Generally, though, it’s always important to be conservative with your numbers. Expect something unexpected to come up and that the rehab will cost more than originally anticipated. We put a 20 percent contingency for such things into our budget, and I would recommend you do the same.

Appraisers also seem to be a bit conservative these days. I don’t have good data to back this, but it is certainly my gut feeling. I think that after some of the shenanigans that went on before the 2007-2008 crisis, many appraisers have made a concerted effort to not appraise properties at inflated values. However, in my opinion, many have gone too far in the opposite direction. Which of course means that you have to get an even better deal up front.


The next step is to rent out the properties. Regardless of whether you choose to manage the properties yourself or hire a management company, make sure that either you or they have very strict rental criteria. No bank is going to lend on a portfolio of properties unless that portfolio is performing. And while it’s bad to have a vacant property, having a bad tenant is even worse. It will require that you evict them and often keep the property off the market for an extended period of time while you fix all the damage they did. Good tenants will come to those who wait (and market effectively, of course). And good tenants will often stay a long time if you provide a good property up front and keep up with the maintenance.



When it comes to the final phase, my best recommendation is to network, network, and then network some more. Go to your local real estate club or ask around on BiggerPockets for lenders that are lending to buy-and-hold investors. One time we even did a search on ListSource for anyone who had made a loan on a non-owner occupied property in a suburb we invest in. Then we just went down the list of banks and made one call after another.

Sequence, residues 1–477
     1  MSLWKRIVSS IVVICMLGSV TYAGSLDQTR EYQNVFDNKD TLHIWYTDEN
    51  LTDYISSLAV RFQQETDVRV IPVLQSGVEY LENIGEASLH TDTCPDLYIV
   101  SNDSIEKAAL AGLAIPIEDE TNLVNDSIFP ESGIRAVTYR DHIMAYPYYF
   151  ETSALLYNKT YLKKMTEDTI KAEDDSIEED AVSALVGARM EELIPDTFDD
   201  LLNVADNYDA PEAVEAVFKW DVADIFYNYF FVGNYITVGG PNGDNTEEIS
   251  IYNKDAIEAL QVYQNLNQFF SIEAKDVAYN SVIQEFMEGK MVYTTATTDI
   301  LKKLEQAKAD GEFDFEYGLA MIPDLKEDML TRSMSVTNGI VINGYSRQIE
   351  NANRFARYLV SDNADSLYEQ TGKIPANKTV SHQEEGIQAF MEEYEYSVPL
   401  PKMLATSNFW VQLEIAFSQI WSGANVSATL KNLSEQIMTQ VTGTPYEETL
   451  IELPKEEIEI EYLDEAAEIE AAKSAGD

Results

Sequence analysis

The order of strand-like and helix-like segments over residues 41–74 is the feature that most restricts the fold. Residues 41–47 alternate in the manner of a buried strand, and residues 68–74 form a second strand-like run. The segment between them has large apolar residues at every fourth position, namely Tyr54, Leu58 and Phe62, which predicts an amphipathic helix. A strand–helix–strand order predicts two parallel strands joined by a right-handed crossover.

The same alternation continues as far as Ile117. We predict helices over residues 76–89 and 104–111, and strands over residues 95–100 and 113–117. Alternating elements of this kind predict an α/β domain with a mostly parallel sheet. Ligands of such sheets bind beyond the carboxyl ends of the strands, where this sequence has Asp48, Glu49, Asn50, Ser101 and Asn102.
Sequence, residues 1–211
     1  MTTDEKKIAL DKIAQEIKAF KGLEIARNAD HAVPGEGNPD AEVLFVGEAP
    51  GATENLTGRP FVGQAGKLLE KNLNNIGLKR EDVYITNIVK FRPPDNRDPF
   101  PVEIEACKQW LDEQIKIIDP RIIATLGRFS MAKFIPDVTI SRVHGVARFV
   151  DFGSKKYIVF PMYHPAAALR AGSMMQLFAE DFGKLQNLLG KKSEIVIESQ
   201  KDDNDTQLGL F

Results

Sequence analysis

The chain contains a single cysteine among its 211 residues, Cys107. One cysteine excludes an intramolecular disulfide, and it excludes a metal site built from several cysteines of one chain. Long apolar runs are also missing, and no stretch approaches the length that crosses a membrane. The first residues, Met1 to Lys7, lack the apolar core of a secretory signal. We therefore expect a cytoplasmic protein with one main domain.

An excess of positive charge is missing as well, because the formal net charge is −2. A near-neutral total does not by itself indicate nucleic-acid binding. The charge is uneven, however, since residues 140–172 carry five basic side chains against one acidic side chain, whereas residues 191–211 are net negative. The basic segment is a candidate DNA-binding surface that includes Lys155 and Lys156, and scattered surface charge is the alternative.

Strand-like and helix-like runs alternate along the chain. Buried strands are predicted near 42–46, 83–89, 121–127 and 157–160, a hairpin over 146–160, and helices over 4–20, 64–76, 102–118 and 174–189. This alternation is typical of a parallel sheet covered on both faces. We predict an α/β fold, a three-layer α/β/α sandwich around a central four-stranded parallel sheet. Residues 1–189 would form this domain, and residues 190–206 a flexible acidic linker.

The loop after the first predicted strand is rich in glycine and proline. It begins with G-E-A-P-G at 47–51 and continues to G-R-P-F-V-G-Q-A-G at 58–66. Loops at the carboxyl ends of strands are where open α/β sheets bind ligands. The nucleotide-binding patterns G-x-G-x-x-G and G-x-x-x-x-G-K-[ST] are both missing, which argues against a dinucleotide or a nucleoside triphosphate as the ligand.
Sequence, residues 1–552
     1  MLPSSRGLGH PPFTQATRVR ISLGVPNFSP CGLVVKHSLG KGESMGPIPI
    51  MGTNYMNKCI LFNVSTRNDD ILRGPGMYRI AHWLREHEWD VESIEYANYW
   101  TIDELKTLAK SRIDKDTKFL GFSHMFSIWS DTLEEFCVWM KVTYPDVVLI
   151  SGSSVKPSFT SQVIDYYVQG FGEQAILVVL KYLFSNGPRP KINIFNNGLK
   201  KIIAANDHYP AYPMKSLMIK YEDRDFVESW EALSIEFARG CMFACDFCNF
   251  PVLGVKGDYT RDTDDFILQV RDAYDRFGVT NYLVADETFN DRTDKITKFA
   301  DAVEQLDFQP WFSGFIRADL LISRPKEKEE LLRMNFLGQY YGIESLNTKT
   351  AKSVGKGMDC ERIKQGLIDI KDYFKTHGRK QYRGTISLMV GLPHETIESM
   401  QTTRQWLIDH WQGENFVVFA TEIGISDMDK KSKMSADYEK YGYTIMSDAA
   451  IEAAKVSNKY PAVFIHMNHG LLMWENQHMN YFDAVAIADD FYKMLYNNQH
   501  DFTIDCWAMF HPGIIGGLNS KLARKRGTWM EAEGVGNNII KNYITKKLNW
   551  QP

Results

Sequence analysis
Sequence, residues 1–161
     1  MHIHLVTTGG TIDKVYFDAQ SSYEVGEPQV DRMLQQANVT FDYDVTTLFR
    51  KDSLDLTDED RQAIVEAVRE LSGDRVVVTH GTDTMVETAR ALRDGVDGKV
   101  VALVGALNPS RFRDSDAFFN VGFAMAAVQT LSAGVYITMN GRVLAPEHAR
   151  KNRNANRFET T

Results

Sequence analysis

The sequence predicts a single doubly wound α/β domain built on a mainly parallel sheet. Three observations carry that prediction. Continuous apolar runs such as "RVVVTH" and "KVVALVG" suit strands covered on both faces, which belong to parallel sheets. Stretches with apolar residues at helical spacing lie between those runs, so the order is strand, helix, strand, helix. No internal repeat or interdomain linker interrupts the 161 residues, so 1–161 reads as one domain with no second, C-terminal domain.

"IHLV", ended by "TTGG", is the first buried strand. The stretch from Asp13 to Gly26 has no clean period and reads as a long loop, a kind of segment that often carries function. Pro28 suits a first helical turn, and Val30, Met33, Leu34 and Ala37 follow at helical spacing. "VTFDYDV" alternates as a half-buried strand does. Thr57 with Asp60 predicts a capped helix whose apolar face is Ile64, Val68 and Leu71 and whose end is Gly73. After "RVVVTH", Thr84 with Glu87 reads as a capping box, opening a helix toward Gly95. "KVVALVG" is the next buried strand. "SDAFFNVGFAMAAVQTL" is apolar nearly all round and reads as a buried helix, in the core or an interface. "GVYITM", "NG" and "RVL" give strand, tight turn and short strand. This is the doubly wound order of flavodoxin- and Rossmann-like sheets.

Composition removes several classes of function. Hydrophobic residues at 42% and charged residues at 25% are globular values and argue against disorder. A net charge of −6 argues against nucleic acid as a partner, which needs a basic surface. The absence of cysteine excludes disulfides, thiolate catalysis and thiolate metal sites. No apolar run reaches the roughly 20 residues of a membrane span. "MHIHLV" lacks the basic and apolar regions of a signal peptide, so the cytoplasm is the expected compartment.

Early on, we were turned down a lot. Banks kept telling us that they “had taken a lot of losses in single family investment properties.” It didn’t seem to help when I told them that prices were 40 percent higher back then, and we’re buying those properties because of all the losses they took.

But just as with making offers, finding quality lenders is a numbers game. The more you connect with, the more likely you are to find one that will lend to you. And finally banks are realizing that their “buy high, sell low” strategy didn’t make a lot of sense (or they are more liquid now and the regulators are finally getting off their back). Still, we’ve found that it’s pretty much only local banks that are interested in this kind of product (most of our properties are in C and B areas). The interest rates we’ve seen are usually around 5 percent and the amortization at 20 years.

Related: How to Estimate Rehab Costs with No Construction Background